Not-so-secret naval base in Cambodia one of China's many 'stones'

Not-so-secret naval base in Cambodia one of China's many 'stones'

Cambodian navy troop members walk on the pier at Ream Naval Base southwest of Phnom Penh, Cambodia in July 2019. Cambodian officials broke ground Wednesday, June 8, 2022, on a naval port expansion project in Ream. (AP Photo/Heng Sinith, File)

Not-so-secret naval base in Cambodia one of China's many 'stones'

Great measures are underway to conceal the construction of a Chinese naval facility in Cambodia. However, its hush-hush nature does little to hide the Chinese regime's long-term quest for global domination.

Capt. James Fanell, a former director of intelligence and information operations for the U.S. Pacific Fleet, explains to American Family News that a lot of focus has been put on the construction of a so-called secret naval base at Ream, Cambodia. "[But] given the numerous reports and official statements over the past few years, this may be one of the worst-kept secrets in recent memory," he admits.

And there's a reason behind the failed attempt of secrecy, Fanell continues.

"The People's Republic of China's (PRC) assistance in upgrading this naval base," he explains, "is a sensitive issue for the Cambodian government because it does not wish to immediately destroy relations and financial aid and investment with the U.S."

"The building of a People's Liberation Army (PLA) Navy base at Ream is also seen as a destabilization of this portion of Southeast Asia, [due to] the presence of PLA Navy warships and submarines in the Gulf of Thailand," he adds.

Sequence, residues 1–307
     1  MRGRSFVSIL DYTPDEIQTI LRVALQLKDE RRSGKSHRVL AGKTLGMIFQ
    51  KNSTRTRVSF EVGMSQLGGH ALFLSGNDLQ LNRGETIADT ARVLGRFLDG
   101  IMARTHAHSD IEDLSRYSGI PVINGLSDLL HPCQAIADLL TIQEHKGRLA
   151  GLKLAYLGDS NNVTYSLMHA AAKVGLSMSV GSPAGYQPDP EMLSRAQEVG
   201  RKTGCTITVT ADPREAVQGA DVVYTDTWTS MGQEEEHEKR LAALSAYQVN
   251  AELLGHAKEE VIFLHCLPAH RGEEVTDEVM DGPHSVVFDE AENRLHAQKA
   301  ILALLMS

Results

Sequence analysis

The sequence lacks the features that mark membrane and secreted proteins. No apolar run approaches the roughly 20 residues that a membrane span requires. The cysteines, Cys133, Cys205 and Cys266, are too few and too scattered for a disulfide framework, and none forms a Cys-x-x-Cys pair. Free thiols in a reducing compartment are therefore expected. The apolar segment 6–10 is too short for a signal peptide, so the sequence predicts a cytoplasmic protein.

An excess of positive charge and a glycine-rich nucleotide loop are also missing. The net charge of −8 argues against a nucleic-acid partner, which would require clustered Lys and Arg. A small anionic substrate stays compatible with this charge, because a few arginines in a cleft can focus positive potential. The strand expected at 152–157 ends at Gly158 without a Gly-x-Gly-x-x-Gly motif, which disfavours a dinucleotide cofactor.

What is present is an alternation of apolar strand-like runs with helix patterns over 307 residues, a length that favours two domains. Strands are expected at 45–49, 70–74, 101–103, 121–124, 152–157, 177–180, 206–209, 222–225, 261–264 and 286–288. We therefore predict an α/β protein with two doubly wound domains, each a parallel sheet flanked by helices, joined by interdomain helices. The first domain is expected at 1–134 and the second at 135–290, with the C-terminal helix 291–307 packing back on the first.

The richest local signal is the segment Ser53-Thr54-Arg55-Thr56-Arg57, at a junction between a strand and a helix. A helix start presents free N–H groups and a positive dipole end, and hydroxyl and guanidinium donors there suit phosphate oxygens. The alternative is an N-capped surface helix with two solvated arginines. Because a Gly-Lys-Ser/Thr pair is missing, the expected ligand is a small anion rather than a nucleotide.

The PRC's actions also highlight their military ambitions, says the former DOI. "The building of a PLA Navy (PLAN) base at Ream demonstrates the PRC's commitment to expanding its military presence and power outside of the mainland of China," he explains.

Fanell, Capt. James Fanell

"[The naval base] further gives the PLA a strategic military position around Vietnam with whom they held a border war in 1979 and still contest disputed features in the South China Sea," he points out, adding that "a PLA Navy base at Ream also provides direct pressure on the Kingdom of Thailand."

Fanell also reveals that with a base at Ream, combined with their three major naval bases in the Spratly Islands, the PLAN "could effectively block off all trade that were to enter the South China Sea from the Strait of Malacca in the South."

Global quest for domination

The ambitions at Ream fit into the Chinese Communist Party's (CCP) vision for global expansion of its military presence, according to Fanell.

"Today, the PLA Navy has one official military base outside of the mainland of the PRC in Djibouti," the retired Navy officer explains. "But recent security agreements with the Solomon Islands and other Pacific countries – along with expectations of potential PLAN bases in Sri Lanka and Pakistan – all demonstrate the global ambitions of the CCP."

Fanell says the PRC's activity around the world can be described "as another stone on the great [Chinese] board game of Wei-chi (Go) where various stones are placed on the game board, and where at the right moment, momentum is shifted and what were once allies and partners of the U.S. could shift towards the PRC."

He acknowledges the CCP still has a long way to go to reach that point. "But a PLA Navy base at Ream is a stepping stone in the CCP's strategic goal for the great rejuvenation of the PRC," Fanell adds.

Experts and analysts identify the "great rejuvenation" as Beijing's plan to replace the United States as the sole superpower of the world by 2049.